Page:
2. now I can create 2-way-peg  (Federated Peg, Oracle or by Bitcoin protocol)
 - I can deposit asset into Merger
 - I can withdraw asset from Merger because I can create proof from merger-blockchain.
 - Merger can be easy audited

3. Merger feature cannot be implemented on MC b/c it requires to remove feature "send coins" and new blockchain concept.

But that'ssa centralized system which we've already agreed is not ideal. I more interested in how this works on the SC via spv proof

It is too complicated to explain. ( 20 pages of pdf ).

2wp can be replaced anytime (I mean switching from Federated Humans to SNARK scheme)

For the begging let's use  5 federated human judges who can use brain and can check trades. (ticker log)

You didn't answer me
"isn't  this same as move BTC from MC into exchange orderbook ?"


Maybe but you can't explain in less than 20 pages of pdf why we should prefer that system or if it's even safe or efficient. Are current wn wallets or exchanges getting safer? Maybe.
Odalv
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November 07, 2014, 03:12:42 PM
 #16125

spv proof

I can tell you only what is in whitepaper. (crystal clear)
Quote
"We observe that Bitcoin’s blockheaders can be regarded as an example of a dynamic-membership multi-party signature (or DMMS ),
which we consider to be of independent interest as a new type of group signature"

This new signature can be verified by Bitcoin ... or for begging  oracle can verify DMMS  and if is valid  then oracle will sign Bitcoin multi-signature transaction.
cypherdoc
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November 07, 2014, 03:17:57 PM
 #16126

spv proof

I can tell you only what is in whitepaper. (crystal clear)
Quote
"We observe that Bitcoin’s blockheaders can be regarded as an example of a dynamic-membership multi-party signature (or DMMS ),
which we consider to be of independent interest as a new type of group signature"

This new signature can be verified by Bitcoin ... or for begging  oracle can verify DMMS  and if is valid  then oracle will sign Bitcoin multi-signature transaction.

yes, but that's for getting BTC--->scBTC.  how does scBTC get exchanged while on SC other than simply by localtrading p2p w/o centralizing it?
Odalv
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November 07, 2014, 03:31:06 PM
 #16127

spv proof

I can tell you only what is in whitepaper. (crystal clear)
Quote
"We observe that Bitcoin’s blockheaders can be regarded as an example of a dynamic-membership multi-party signature (or DMMS ),
which we consider to be of independent interest as a new type of group signature"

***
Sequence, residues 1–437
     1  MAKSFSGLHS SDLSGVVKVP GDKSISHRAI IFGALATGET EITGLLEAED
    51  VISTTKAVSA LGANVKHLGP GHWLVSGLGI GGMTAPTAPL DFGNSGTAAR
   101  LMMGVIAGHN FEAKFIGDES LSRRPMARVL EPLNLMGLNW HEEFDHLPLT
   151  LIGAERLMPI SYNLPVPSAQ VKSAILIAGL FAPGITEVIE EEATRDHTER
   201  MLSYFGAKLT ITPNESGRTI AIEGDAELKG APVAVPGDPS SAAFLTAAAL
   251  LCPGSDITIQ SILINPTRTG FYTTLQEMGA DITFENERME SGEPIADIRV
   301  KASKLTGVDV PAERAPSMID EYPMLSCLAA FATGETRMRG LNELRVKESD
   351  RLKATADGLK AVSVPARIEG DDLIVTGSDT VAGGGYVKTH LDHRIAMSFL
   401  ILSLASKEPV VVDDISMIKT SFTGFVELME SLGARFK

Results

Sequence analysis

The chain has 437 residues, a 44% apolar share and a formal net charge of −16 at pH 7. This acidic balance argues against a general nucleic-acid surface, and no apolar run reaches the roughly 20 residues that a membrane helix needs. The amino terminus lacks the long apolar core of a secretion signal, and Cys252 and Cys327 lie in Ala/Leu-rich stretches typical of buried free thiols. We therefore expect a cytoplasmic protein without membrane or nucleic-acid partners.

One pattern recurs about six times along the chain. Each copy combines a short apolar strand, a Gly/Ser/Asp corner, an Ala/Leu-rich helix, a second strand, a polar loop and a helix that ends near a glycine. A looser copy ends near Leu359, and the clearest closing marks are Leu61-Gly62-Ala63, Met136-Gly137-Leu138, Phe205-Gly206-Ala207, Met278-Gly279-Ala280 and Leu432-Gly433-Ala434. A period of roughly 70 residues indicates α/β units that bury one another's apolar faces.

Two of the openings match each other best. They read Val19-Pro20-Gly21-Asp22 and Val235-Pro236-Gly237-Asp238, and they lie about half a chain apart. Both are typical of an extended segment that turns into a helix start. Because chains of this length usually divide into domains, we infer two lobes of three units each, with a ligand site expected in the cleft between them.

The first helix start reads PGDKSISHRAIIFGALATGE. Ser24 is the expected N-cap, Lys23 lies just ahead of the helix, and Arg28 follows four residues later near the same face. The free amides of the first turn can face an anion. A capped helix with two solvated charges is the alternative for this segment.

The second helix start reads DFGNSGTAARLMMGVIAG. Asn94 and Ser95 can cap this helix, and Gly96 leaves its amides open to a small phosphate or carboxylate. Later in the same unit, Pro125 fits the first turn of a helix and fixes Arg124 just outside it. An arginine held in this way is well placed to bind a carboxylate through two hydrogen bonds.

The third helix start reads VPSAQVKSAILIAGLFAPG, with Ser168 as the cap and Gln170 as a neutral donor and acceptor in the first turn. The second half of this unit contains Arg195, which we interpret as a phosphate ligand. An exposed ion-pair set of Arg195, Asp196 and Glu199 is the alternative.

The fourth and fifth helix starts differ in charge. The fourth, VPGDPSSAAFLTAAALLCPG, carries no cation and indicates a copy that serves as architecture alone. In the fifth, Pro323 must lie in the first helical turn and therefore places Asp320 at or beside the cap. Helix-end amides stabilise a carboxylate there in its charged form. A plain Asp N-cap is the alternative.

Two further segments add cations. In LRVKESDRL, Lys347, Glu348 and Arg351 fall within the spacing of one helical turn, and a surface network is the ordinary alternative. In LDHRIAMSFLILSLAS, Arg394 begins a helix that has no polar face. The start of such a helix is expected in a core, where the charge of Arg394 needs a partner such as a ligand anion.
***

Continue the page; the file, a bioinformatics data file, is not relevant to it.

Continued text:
This new signature can be verified by Bitcoin ... or for begging  oracle can verify DMMS  and if is valid  then oracle will sign Bitcoin multi-signature transaction.

yes, but that's for getting BTC--->scBTC.  how does scBTC get exchanged while on SC other than simply by localtrading p2p w/o centralizing it?

Not, ... oracle is on SC and oracle check SC.
It is same chain as Bitcoin
It know longest SC b/c it is same as every bitcoin client can verify

 and is unlocking bitcoins in MC by signing bitcoin transaction in MC.
cypherdoc
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November 07, 2014, 03:37:50 PM
 #16128

spv proof

I can tell you only what is in whitepaper. (crystal clear)
Quote
"We observe that Bitcoin’s blockheaders can be regarded as an example of a dynamic-membership multi-party signature (or DMMS ),
which we consider to be of independent interest as a new type of group signature"

This new signature can be verified by Bitcoin ... or for begging  oracle can verify DMMS  and if is valid  then oracle will sign Bitcoin multi-signature transaction.

yes, but that's for getting BTC--->scBTC.  how does scBTC get exchanged while on SC other than simply by localtrading p2p w/o centralizing it?

No oracle is on SC and oracle check SC.
It is same chain as Bitcoin
It know longest SC b/c it is same as every bitcoin client can verify

 and is unlocking bitcoins in MC by signing bitcoin transaction in MC.

?

maybe i can answer my own question.  once someone holds scBTC, they can transact just like they would with BTC except being able to take advantage of faster tx and anonymity be it online or p2p.  my question is that these same scBTC can be traded with other scBTC holders.  i suppose that could be p2p as well but if done on a centralized exchange that doesn't advance our anonymity desires.  which is what i was getting at to address your question about how a SC may or may not be analogous to mtgox.